10. I love you Varda.

    Thank you for this gift. I will share it, much too soon, I think, with my own mother.

    Thank you, V.


  11. Oh wow, Varda. This was so wonderful. I have my parents still, but I have lost my brother. I think often about my mom with my aunts and uncles, telling the family stories, laughing so hard. And I know when my parents go, I won't have my brother to share our stories with. I hope you will share some of those stories with us here.

  12. I have been a member of the Orphan Club for nearly 9 years.
    Nothing will bring my parents back, but with time, you have memories to share with your family.
    Things will change - you may celebrate special days in a different way. But i hope your parents will always be with you

  13. Much wisdom and beauty in this post.

  14. Varda, this is a truly beautiful and awesome piece of writing. It comes from the heart and reached my heart, too. The way you look at life is inspirational. I love you and think of you so often. Thanks for the mention. Rachel

  15. Oh, Varda, your beautiful writing makes me weep for you and for everything you've lost. I send love to you.

  16. So beautiful and touching. I feel your ache and sorrow but the way you write it is so lovely, honest and cleansing. You are a good daughter... a beautiful good daughter who I have no doubt made your mama and dad real proud. I do not look forward to the day when I have to deal with such depth of loss. I suppose in the end, unless we go first, it is unavoidable.

  17. I wish you knew how often you creep into my mind lately, how often I hug you in my heart almost daily. your words have been vivid and raw and so beautiful they bring tears to my eyes every single time.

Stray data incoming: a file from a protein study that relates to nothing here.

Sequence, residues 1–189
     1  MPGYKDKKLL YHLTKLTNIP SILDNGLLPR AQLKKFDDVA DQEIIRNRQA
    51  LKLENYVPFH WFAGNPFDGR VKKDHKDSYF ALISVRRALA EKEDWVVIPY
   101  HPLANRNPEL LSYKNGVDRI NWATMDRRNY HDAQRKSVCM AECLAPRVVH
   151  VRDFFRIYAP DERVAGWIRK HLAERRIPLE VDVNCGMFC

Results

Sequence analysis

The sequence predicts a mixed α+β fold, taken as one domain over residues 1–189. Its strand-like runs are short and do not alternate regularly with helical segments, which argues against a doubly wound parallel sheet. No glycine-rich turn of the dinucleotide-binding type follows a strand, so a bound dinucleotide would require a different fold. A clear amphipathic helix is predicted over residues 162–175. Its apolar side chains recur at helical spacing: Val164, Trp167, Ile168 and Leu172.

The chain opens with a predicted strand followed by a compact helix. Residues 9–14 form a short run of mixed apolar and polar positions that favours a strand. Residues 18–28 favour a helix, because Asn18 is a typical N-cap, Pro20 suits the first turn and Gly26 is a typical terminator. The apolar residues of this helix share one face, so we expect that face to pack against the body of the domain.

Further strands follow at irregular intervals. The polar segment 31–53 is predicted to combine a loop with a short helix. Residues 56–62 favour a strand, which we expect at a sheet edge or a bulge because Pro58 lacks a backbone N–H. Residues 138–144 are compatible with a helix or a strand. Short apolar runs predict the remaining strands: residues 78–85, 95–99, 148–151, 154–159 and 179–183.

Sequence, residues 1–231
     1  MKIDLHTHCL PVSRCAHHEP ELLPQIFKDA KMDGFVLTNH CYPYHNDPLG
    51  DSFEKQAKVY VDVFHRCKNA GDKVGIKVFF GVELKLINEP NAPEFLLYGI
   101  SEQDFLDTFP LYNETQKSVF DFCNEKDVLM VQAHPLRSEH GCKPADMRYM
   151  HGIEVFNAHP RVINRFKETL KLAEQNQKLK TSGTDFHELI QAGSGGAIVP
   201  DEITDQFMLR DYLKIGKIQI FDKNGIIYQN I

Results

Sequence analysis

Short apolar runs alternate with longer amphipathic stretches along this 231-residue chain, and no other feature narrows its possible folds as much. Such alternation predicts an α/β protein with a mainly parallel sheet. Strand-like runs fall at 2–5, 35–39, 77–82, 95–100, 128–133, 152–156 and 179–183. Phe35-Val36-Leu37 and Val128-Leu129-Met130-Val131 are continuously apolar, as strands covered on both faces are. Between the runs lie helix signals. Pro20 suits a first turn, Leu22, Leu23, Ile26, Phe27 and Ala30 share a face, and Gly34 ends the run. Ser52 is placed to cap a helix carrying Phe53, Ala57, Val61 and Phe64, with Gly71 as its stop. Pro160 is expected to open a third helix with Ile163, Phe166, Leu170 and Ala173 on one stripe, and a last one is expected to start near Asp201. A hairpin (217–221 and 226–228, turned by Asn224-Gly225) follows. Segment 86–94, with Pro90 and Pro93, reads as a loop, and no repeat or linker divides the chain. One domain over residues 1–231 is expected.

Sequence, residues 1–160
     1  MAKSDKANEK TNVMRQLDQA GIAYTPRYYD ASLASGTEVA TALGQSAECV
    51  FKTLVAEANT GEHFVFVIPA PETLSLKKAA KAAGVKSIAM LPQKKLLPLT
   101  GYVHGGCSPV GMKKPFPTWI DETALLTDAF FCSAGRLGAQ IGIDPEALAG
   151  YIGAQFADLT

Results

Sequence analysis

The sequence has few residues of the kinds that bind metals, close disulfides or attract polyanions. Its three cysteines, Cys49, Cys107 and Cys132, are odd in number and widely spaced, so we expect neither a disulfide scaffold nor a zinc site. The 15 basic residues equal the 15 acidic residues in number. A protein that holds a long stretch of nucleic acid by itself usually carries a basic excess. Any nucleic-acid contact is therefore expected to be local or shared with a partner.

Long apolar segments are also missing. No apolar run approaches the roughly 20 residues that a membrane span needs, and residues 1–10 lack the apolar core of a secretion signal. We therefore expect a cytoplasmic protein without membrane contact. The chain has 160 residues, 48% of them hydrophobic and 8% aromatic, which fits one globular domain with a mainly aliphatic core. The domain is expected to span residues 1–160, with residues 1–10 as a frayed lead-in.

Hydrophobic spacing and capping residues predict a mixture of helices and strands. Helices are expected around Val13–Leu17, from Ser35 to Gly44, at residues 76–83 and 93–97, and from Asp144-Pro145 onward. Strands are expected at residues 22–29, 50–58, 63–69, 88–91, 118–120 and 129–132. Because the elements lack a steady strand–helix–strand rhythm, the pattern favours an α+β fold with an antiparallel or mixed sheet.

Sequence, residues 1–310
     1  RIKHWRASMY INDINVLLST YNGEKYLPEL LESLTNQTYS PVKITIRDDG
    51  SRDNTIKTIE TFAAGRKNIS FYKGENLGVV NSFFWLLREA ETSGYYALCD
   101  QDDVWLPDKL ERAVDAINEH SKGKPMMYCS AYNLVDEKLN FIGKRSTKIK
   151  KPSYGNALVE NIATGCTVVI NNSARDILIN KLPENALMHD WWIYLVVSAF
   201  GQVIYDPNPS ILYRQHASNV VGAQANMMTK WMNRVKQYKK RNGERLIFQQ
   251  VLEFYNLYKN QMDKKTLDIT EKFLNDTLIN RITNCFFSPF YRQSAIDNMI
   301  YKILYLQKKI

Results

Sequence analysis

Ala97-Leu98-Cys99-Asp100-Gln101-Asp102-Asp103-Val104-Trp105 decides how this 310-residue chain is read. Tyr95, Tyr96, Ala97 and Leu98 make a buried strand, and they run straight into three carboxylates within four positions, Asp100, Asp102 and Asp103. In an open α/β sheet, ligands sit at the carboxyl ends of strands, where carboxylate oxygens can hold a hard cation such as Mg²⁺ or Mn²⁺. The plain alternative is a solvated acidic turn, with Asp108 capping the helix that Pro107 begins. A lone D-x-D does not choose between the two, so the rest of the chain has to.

I am not an orphan, because only my father is gone, and so I fear it. I know my mom is getting older and it scares me, it makes me realize that I am getting older, that my children, god willing, will miss me someday.

    I am just so sorry for your loss, for your ache. I truly wish there was something I could do to make it easier.

  18. Yes, like others have said, this is painfully beautiful. Thank you for sharing. I remember my mom telling me that I need to have two kids so one will not be alone in the world when I'm gone. They both have autism so, I am not so sure that was the best reasoning for having two but i don't regret it one bit and I do hope they do have each other. it seems though, that you have a sister in your friend and I truly believe that we are never alone in the world, despite feeling like an orphan. Thank you for sharing. i am now following ur blog!

  19. The way you're able to capture your emotions so perfectly in your words is astounding. It's painfully, achingly, hauntingly beautiful. I am so sorry for your loss and sending love your way daily.